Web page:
Technology

Protect the digital you. Secure yourself with these simple privacy hacks.

I’m no Steve Wozniak but, like many others, I carry a healthy distrust of computers. After the massive Equifax breach affecting the privacy of 145.5M Americans and following by the “hugely problematic” Edgar data hack affecting major stock exchanges p@raNoiA levels globally have hit a new plateau.

Never trust a computer you can't throw out a window.

Steve Wozniak

Securing your cryptocurrency with Google Authenticator? That decision may make you angry one day. But that's okay because Authy is here to save the day.

The first thing you need to learn when you start working with Bitcoin is to set-up 2FA. The most common forms of two-factor auth today are standard telephony and security tokens, which come in both the soft and hard variety.

If we took hard U2F tokens off the table, we’re left with software and telephony. Which of the two would you choose? Well, it depends. Let’s explore.

Be your own bank. Store your secure, private and untraceable cryptocurrency and keep it safe from prying eyes. Learn to take flight with the Monero CLI wallet.

Monero is a secure, private, and untraceable cryptocurrency. It is open-source and accessible to all. With Monero, you are your own bank. Only you control and are responsible for your funds. Your accounts and transactions are kept private from prying eyes. Learn how to install the Monero CLI wallet. There’s only one way…

Arise, you have nothing to lose but your barbed wire fences!

Timothy C. May, The Crypto Anarchist Manifesto

Connecting devices like the RPi or Apple TV to public networks requiring browser-based auth can be a drag. But that shouldn't stop you from hacking your way in. Find out how.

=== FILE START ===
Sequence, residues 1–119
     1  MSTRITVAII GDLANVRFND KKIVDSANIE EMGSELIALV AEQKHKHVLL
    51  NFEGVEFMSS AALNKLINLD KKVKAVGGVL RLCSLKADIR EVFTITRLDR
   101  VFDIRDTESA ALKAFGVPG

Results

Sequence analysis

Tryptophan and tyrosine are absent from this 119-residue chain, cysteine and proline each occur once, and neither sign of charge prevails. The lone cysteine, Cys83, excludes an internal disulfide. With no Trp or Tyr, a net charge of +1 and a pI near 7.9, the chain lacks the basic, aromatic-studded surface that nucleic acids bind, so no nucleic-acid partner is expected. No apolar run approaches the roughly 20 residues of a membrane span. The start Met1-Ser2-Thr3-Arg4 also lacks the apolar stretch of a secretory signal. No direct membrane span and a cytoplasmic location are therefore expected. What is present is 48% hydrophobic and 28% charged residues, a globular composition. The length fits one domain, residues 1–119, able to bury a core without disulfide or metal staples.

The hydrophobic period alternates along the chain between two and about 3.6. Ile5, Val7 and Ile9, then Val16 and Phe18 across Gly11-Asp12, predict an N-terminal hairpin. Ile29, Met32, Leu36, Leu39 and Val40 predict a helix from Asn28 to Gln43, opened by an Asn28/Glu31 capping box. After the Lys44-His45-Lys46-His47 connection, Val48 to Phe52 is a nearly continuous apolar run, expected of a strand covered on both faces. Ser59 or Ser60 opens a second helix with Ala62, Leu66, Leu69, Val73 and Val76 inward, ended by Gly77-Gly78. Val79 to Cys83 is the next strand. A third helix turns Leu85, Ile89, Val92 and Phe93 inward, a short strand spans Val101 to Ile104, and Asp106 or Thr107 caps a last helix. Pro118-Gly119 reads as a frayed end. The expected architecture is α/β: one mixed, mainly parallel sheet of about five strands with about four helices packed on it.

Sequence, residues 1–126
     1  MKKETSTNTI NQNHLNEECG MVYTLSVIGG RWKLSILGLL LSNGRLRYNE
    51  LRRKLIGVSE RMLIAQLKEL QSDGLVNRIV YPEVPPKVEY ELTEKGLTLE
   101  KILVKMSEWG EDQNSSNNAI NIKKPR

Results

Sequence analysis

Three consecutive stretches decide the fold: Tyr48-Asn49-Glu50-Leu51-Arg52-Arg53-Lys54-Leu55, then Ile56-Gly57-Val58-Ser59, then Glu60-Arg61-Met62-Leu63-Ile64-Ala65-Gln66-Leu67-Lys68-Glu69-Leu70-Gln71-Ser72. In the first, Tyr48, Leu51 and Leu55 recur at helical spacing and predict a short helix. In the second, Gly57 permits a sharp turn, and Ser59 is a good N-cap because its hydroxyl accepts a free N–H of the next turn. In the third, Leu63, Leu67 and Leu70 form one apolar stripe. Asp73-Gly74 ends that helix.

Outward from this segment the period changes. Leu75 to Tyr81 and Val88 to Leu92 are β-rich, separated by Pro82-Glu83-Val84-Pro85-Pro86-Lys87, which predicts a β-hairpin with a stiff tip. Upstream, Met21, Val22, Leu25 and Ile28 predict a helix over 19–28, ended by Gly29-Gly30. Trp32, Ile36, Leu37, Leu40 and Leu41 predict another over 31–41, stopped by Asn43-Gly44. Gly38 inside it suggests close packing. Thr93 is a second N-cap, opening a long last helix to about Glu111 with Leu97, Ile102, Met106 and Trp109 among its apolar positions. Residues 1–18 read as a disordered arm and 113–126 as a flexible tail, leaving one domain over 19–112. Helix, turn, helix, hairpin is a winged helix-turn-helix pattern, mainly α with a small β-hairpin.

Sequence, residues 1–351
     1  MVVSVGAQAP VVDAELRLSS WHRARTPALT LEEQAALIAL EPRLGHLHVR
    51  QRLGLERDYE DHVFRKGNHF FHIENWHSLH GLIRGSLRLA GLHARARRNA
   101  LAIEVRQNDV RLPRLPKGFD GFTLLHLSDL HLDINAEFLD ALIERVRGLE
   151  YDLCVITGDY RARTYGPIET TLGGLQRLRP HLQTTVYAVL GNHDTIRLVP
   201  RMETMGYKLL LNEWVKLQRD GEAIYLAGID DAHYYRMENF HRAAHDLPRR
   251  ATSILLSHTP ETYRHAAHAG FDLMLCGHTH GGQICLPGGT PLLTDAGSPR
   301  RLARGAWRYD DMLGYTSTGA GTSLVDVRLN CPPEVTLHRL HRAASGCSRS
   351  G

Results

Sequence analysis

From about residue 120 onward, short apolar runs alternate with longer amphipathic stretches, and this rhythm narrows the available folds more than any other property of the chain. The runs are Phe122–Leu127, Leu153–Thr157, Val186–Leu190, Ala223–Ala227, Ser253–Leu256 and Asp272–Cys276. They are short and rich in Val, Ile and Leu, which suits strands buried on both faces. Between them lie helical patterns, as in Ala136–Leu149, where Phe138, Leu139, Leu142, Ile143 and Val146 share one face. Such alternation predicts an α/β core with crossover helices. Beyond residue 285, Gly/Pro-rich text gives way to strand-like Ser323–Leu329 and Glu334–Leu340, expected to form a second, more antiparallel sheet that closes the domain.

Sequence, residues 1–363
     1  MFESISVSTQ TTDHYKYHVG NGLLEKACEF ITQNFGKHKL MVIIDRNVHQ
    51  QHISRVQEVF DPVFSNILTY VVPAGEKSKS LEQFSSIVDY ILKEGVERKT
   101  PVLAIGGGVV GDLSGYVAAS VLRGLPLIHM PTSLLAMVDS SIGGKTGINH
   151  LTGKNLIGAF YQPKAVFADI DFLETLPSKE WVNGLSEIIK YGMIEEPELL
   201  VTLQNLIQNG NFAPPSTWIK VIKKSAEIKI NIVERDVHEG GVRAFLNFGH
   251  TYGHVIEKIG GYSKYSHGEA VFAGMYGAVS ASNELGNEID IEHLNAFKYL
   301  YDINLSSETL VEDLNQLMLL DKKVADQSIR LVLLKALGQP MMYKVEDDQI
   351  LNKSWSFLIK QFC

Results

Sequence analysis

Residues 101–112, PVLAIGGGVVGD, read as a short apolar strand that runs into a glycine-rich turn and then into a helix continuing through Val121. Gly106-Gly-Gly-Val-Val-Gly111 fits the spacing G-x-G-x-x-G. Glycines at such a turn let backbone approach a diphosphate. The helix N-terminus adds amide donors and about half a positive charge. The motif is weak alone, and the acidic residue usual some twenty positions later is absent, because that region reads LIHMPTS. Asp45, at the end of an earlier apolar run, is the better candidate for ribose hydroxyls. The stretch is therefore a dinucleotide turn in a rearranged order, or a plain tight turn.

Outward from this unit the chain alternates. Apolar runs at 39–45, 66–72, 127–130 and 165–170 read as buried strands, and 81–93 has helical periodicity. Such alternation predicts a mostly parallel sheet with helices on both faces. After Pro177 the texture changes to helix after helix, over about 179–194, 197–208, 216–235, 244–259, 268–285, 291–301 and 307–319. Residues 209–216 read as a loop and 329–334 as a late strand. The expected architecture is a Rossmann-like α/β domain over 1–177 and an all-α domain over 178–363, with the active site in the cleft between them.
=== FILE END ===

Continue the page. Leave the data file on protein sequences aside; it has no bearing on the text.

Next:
Imagine your sitting at a coworking cafe in Bali after your last gadget run to Sim Lim Square where you picked up a CCTV Wi-Fi camera to protect your Bitcoin mining rig.

You unbox your new toy only to realize you can’t connect it because the cafe you’re sitting at is using a captive portal.

Gah! What to do… Shell into the device and use wget or curl? Fuggetaboutit.

You reach into your Tortuga carry-on bag, pull out your laptop and do the only sensible thing you can think of—spoof the device’s MAC address.

Here’s how to easily spoof the MAC address of an IoT device using macOS.

Don't buy Bitcoin, Volcano Boy! Make it spew out with these 11 easy hacks.

Jamie Dimon may believe Bitcoin’s ‘a fraud’ but I know a few CoinSheet enthusiasts who would beg to disagree. If you’re like me you might not be able to afford to buy Bitcoin. And no Bitcoin, no LaMbO… Not to worry though! I’m going to lay down 11 simple hacks to earn free bitcoin without breaking open the piggy bank.

Instant transactions. Zero fees. Spend your coins anywhere VISA is accepted.

Bitcoin saw a 355% return during the first 8 months of 2017. And some believe it may be worth as much as 500,000 per coin by 2030. But hanging onto your bitcoin doesn’t do you much good if you HODL it forever.

So what’s the best way to convert bitcoin into cash? Well, you could transfer it between wallets in exchange for cash on the spot. Or you could spend time trying to find a bitcoin ATM. But why go through the hassle?